Centre Manager, Rafat Shantir said, ‘We have hosted a lot of students who have previously been learning Arabic in Israel. Students who have studied in Israel are often interested in getting to know Palestine’, he said. ‘We’re delighted to offer them the opportunity to live with a host family, for an immersive experience of Palestinian culture’, Rafat said.
Alice, 24, from the UK, came to study with the Excellence Centre after studying MSA in Israel ‘partly because I wanted to live with a host family’, she said. ‘A big part of the culture is hospitality here, and I feel really welcome with the host family I’m staying with.
I’m invited to all the family get-togethers’, she said. ‘I spent my first Friday here cooking and sharing vegetables ‘mashi’ (stuffed with rice and meat) with two dozen or so members of my host family. We sat at tables divided between men, and women and young children, eating from shared plates with spoons before moving to the sofas for fruit, chat, and biscuits. I was vegetarian my whole life until a month before coming here. Adapting a bit definitely paid off.
‘Living with a host family is also a great opportunity to practice Arabic’, she said. When I was studying Arabic in Israel, I wasn’t really hearing it except in class. Here, I’m constantly using the language to make jokes, and to greet and exchange with people. A language is so much easier to learn when you experience it alive like that, in a practical context’.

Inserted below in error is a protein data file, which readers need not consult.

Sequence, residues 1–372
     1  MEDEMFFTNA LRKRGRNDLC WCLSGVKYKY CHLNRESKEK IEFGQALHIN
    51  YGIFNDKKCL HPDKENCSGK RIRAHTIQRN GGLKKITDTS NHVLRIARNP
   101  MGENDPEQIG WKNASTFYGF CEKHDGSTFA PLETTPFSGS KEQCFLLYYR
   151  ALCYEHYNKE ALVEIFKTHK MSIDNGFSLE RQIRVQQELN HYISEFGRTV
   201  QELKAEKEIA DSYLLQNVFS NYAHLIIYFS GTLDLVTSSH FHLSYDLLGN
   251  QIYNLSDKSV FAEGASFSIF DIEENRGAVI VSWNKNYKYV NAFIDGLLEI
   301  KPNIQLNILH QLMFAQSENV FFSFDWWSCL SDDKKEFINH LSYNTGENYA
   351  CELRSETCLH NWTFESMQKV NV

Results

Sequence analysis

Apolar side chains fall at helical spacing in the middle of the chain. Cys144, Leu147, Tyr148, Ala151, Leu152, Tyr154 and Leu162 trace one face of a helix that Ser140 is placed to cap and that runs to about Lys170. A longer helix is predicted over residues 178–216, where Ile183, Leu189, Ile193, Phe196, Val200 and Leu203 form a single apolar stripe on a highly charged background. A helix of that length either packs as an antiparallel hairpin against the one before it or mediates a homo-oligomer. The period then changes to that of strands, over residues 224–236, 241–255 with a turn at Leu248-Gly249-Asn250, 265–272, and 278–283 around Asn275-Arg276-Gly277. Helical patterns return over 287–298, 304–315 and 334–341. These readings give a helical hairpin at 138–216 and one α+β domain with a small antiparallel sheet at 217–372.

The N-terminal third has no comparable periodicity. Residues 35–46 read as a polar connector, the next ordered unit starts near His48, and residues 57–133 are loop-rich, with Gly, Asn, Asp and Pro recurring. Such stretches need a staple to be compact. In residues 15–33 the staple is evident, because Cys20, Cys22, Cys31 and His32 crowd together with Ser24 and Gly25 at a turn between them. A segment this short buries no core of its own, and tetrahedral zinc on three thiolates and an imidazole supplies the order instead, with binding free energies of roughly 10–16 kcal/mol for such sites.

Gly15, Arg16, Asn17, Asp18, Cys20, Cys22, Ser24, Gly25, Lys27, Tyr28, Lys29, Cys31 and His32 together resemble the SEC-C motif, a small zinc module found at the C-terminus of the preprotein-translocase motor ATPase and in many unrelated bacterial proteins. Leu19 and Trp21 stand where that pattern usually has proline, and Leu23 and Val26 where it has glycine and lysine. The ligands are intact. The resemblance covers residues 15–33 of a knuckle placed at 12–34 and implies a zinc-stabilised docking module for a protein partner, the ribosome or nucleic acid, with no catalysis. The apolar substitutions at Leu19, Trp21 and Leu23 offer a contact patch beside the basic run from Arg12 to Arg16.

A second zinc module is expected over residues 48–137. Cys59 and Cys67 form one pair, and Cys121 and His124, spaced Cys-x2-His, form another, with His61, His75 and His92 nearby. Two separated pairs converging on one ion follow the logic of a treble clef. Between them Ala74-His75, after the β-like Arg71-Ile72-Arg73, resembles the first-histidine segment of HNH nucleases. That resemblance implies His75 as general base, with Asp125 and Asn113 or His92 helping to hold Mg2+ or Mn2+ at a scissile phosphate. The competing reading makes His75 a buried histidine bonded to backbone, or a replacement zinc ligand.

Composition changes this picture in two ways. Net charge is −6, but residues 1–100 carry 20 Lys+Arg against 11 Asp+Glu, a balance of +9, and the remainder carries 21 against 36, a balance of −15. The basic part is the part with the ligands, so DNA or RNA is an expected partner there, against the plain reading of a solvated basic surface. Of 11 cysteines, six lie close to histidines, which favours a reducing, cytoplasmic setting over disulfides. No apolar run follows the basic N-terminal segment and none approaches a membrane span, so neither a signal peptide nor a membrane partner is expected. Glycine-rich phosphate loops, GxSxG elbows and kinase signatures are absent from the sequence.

Tim, 24, from the UK, was learning Arabic in Israel before coming to Hebron. ‘I found myself, on my first night in Hebron, taking a wrong turn, and ended up eating cake at a birthday party. I was introduced to the entire family before being sent in the direction of my EC host family. I soon found out that this was the perfect introduction to life in a city defined by hospitality, and great food.
‘You hear it all the time, but it’s really friendly here’, Excellence Centre student, Talha, 27, from Toronto said, ‘the people are really warm’. ‘I’ve been living on my own, but I spend so much time with some of the neighbors, that it feels like I have a host family.’, he said. They take me to the mosque with them, and show me good places to eat, and have coffee. The guy living below me, he said, ‘he knows everybody’, so I picked up greetings in dialect pretty quickly. ‘It’s been a great experience, I think I’ll definitely come back’, he said.